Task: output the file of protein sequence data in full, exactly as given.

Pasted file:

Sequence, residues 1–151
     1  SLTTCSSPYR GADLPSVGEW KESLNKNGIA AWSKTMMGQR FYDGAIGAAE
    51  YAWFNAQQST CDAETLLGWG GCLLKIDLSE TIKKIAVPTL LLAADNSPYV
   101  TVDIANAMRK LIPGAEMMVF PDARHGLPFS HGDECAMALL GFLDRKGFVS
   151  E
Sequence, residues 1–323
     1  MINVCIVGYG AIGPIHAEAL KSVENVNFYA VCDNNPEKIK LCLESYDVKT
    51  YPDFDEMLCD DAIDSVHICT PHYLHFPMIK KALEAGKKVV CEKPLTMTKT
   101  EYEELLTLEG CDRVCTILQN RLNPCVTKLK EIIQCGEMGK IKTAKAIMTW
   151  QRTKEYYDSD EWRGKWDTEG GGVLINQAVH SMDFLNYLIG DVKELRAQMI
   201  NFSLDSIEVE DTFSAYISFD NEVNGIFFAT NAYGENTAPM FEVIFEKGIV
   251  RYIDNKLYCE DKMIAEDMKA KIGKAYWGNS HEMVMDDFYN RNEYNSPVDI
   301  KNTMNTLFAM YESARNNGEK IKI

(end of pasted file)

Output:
Sequence, residues 1–151
     1  SLTTCSSPYR GADLPSVGEW KESLNKNGIA AWSKTMMGQR FYDGAIGAAE
    51  YAWFNAQQST CDAETLLGWG GCLLKIDLSE TIKKIAVPTL LLAADNSPYV
   101  TVDIANAMRK LIPGAEMMVF PDARHGLPFS HGDECAMALL GFLDRKGFVS
   151  E
Sequence, residues 1–323
     1  MINVCIVGYG AIGPIHAEAL KSVENVNFYA VCDNNPEKIK LCLESYDVKT
    51  YPDFDEMLCD DAIDSVHICT PHYLHFPMIK KALEAGKKVV CEKPLTMTKT
   101  EYEELLTLEG CDRVCTILQN RLNPCVTKLK EIIQCGEMGK IKTAKAIMTW
   151  QRTKEYYDSD EWRGKWDTEG GGVLINQAVH SMDFLNYLIG DVKELRAQMI
   201  NFSLDSIEVE DTFSAYISFD NEVNGIFFAT NAYGENTAPM FEVIFEKGIV
   251  RYIDNKLYCE DKMIAEDMKA KIGKAYWGNS HEMVMDDFYN RNEYNSPVDI
   301  KNTMNTLFAM YESARNNGEK IKI